Saturday, May 07, 2005

Selling What Cannot Exist

Herzog at "Left2Right" has what he calls a skeptical challenge. Fill in the blank:

(C) ________________ is unnatural and therefore wrong.

And then provide an account of why (C) is true.

My off-the-top-of-my-head suggestion:

Usury is unnatural and therefore wrong.

My off-the-top-of-my-head account:

Money presupposes the stable existence of society, which is organized for common good; as a matter of common good, we need something that can serve as a medium of exchange and savings. Money (as such), therefore, has no legitimate use except as fulfilling this role. In usury, one attempts to use money as such not purely for the fulfilling of the role of being a medium of exchange and savings, but as a commodity for rent. Usury, being rationally perverse, is unnatural and therefore wrong; QED. Confirming evidence: Most forms of usury involve charging people for being in need.

Or to put it in Aristotelian terms: usury is very unnatural; or in the popular slogan: Money does not breed.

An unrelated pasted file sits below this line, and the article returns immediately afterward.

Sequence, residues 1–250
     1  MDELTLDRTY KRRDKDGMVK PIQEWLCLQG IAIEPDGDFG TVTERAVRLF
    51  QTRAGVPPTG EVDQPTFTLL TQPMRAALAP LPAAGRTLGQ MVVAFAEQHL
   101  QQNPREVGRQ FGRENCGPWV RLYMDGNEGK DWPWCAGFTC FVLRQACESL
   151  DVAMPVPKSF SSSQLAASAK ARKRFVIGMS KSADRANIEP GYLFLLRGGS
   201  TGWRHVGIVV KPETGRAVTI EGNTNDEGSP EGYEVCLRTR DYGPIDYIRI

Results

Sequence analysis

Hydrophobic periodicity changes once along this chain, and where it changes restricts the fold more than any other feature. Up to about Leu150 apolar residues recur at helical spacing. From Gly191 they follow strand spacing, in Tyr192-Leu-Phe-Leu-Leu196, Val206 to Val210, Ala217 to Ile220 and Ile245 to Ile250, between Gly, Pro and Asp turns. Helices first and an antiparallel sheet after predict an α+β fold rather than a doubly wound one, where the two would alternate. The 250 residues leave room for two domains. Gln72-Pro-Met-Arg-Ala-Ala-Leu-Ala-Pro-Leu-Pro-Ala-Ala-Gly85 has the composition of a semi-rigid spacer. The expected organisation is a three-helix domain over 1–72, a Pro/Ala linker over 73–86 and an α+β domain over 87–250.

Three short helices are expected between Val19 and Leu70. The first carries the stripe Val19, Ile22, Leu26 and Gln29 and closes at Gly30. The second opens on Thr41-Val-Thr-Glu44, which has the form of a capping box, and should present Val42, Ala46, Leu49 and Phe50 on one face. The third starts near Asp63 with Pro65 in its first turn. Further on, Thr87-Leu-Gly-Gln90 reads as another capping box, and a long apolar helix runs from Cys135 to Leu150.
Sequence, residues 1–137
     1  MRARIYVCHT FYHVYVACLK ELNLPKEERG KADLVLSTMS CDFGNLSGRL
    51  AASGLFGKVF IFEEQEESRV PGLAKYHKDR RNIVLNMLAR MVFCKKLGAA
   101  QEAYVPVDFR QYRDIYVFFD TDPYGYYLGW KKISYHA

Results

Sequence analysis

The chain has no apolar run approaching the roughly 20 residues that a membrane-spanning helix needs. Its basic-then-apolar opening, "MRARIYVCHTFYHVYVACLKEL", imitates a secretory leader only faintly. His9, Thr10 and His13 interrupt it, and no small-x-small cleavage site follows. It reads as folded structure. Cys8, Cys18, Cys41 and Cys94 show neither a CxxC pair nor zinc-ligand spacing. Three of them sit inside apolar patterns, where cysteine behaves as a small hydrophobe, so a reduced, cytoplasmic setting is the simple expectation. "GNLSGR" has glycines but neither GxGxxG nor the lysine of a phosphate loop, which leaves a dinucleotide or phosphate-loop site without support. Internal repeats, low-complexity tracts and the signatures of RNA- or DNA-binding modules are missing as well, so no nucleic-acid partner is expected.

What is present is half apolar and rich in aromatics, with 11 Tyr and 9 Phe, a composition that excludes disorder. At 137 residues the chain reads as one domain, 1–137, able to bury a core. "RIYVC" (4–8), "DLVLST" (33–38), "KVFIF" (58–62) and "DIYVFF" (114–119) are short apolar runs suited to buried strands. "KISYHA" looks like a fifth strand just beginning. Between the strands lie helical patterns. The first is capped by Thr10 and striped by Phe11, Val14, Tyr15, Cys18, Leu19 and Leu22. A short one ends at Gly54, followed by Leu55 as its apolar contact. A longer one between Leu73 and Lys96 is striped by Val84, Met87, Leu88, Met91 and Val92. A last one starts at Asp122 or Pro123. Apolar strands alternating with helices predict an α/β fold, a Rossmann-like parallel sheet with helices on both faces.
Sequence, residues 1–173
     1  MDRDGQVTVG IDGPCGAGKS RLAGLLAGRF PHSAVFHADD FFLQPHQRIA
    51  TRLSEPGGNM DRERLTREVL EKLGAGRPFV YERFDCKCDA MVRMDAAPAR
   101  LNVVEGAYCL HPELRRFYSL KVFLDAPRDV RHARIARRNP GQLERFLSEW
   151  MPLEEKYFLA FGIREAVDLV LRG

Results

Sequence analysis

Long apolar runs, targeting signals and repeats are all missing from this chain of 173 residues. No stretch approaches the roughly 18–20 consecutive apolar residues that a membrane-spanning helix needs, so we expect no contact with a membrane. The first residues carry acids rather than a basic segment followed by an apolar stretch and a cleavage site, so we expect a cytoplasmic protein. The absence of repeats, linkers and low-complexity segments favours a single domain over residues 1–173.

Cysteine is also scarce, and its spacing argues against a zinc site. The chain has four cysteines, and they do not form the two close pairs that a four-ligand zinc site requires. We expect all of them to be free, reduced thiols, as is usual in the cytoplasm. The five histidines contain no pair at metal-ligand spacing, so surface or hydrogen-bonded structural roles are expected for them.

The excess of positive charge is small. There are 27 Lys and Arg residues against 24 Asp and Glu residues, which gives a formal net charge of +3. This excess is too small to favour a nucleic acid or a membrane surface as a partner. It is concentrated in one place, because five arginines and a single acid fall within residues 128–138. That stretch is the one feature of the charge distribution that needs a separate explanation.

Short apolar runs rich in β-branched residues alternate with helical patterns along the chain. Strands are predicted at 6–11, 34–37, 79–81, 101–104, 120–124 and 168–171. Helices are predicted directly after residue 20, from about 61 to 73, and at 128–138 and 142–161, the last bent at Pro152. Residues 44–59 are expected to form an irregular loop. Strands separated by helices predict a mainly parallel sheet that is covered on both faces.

The rest of Herzog's argument, by the way, is (as far as I can see, at least) incoherent; not only does it recklessly conflate Aristotelian teleology with teleology in the later sense, it puts excessive emphasis on what are the unique conditions for human nature (which play no relevant role in the discussion, contrary to Herzog's implication), historically it fails to recognize that teleology in the later sense was not in any noticeable way replaced by the mechanistic view (indeed, it is a mechanistic view, arising for the same mechanistic reasons the design argument became so popular), the claim that teleologists were never able to explain why nature sometimes failed to realize her intentions is utterly absurd, it fails to recognize that the views he is criticizing can be formulated without appeal to nature, etc., etc.

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